Eleven days after Joe Biden won the presidential election, the Donald, still sure he had beaten “Sleepy Joe” in an electoral landslide, was looking to his loyal but somewhat erratic legal adviser, Rudy Giuliani, to put the case that Biden’s so-called win had been achieved by fraud at the polls; that the President was being driven out of office by a pervasive conspiracy.
Giuliani, speaking from a campaign room that hadn’t been cleaned since election day, an over-heated, trash-filled room with no ventilation, crowded with lights and television cameras, began sweating profusely. Dark rivulets of hair dye began running down his face. The television audience was agog. Rudy’s supposedly watertight case seemed to be leaking at the seams. And the next speaker, according to Michael Wolff’s book Landslide, uttered “not a single word that had any basis in reality”.
Donald Trump was “pissed off” by what had just taken place on his television screen. He was deeply unimpressed. His team hadn’t been aggressive enough. Then, with Socratic finesse, he put another thought to the class around him with his usual air of studious inquiry. “What’s going on with this shit dripping down his face?” Rudy was fighting, yes, but with shit dripping off his face? Where’s the art in a deal like that?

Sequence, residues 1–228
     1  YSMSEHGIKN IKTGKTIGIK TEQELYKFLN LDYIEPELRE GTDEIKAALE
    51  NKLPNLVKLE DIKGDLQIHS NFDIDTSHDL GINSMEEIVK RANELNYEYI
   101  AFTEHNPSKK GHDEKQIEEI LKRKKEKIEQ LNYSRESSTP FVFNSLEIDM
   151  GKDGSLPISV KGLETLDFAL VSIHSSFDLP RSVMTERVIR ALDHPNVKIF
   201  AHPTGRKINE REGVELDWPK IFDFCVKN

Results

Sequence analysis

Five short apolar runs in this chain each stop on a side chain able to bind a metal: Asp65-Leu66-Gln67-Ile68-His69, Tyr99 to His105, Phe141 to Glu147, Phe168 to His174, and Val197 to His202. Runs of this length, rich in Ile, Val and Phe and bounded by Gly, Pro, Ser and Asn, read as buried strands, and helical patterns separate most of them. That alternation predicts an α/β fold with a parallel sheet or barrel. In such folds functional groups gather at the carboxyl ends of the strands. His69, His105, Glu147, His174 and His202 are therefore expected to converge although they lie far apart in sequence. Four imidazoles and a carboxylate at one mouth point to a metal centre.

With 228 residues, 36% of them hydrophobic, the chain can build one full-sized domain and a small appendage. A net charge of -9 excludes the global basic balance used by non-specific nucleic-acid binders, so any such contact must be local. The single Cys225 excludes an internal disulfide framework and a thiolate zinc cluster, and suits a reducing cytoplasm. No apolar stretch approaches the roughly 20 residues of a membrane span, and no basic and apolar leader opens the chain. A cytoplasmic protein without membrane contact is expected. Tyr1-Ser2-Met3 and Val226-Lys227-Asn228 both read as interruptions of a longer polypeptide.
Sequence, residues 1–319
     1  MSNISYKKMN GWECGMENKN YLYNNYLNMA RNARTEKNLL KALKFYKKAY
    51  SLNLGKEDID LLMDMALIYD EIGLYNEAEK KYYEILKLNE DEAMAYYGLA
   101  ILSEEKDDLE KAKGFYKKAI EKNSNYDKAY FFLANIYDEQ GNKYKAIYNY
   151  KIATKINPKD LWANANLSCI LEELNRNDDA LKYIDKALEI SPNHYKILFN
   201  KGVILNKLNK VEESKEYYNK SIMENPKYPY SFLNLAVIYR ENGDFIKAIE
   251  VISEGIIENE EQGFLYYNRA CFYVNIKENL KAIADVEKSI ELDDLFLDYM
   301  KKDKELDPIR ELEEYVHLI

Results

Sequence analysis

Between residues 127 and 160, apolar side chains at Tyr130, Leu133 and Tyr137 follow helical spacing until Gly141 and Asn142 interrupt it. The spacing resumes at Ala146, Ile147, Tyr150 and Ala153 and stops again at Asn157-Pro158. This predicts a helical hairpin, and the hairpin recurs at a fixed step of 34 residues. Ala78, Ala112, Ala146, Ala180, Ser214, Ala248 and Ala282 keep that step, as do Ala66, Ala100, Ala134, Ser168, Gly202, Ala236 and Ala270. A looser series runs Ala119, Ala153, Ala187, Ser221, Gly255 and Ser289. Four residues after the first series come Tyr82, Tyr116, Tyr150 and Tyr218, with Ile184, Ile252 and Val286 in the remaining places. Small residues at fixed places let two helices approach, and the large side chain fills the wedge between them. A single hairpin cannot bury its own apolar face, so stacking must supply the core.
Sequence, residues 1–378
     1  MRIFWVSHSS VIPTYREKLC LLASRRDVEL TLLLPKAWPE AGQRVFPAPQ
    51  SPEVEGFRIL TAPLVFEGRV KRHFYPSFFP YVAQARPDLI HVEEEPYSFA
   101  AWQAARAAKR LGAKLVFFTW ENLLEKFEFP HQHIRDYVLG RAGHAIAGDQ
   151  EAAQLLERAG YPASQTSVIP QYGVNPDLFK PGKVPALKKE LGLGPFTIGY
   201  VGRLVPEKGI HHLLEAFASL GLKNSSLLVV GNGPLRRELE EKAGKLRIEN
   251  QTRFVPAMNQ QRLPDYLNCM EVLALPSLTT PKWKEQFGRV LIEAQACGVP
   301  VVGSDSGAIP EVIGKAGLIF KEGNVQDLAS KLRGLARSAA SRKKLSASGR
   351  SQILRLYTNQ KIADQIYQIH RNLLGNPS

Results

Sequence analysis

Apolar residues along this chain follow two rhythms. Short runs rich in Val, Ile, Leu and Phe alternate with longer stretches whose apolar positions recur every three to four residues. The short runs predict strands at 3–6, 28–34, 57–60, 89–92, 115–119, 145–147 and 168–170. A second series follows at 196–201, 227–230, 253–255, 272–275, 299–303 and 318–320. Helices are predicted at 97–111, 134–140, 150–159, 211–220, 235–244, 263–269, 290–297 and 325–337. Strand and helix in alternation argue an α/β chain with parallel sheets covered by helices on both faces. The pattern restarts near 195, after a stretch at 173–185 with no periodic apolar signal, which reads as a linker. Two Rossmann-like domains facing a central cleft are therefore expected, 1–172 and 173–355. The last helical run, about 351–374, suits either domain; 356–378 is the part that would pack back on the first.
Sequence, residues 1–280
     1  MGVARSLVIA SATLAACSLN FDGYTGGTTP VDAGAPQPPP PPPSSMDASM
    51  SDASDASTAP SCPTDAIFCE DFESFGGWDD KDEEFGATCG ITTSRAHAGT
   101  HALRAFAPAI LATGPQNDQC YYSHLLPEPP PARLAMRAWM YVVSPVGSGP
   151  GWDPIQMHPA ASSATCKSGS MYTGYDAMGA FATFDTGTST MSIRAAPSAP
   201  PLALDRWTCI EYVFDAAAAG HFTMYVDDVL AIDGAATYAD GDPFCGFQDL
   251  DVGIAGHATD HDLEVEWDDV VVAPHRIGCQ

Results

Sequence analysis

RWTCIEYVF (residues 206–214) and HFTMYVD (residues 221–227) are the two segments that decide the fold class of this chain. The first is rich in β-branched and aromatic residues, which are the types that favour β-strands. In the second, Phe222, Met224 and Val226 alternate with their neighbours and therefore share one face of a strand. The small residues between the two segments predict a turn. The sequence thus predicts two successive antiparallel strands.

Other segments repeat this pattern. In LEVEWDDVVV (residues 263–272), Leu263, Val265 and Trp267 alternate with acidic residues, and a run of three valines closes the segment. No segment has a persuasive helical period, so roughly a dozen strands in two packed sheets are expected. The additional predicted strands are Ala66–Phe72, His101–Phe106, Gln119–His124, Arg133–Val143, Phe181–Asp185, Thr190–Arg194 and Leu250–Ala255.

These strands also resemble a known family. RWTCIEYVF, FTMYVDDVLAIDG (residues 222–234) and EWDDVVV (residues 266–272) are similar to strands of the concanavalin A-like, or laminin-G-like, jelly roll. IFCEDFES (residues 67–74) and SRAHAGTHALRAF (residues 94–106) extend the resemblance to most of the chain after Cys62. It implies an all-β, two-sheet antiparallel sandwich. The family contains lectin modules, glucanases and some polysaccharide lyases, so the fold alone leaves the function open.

Many observers, including a sizable number on Trump’s side, saw Rudy’s “hair dye conference” as a decisive moment, the unforgettable moment of truth when the Trumpian reign really ended, although the vanquished Republican leader fought on, and is still doing so.
On any view of the incident, Giuliani’s hair dye moment will serve to remind us that we are now living in an age in which the boundaries between reality and illusion, factual and counter-factual scenarios, reasoning and rhetoric, are hard to discern, blurred by the flow of online effusions and weird images on streaming services. As it is for novelists and other dealers in the art of make-believe, the crucial factor in any story may not be what the facts dictate but whether what is said about the so-called facts is plausible. In the hands of a skilled storyteller, what seems to be far-fetched at first blush can often be rendered plausible by a graceful presentation.
This brings me to Michael Wilding’s latest novels Find Me My Enemies and Cover Story. These two works of fiction form part of a single volume, and both are centred upon inquiries conducted by Plant, an investigator well known to readers of the author’s earlier private-eye novels, a sleuth who ventures down the mean streets of Sydney and other places while exploring motives and possibilities often linked to literary shenanigans.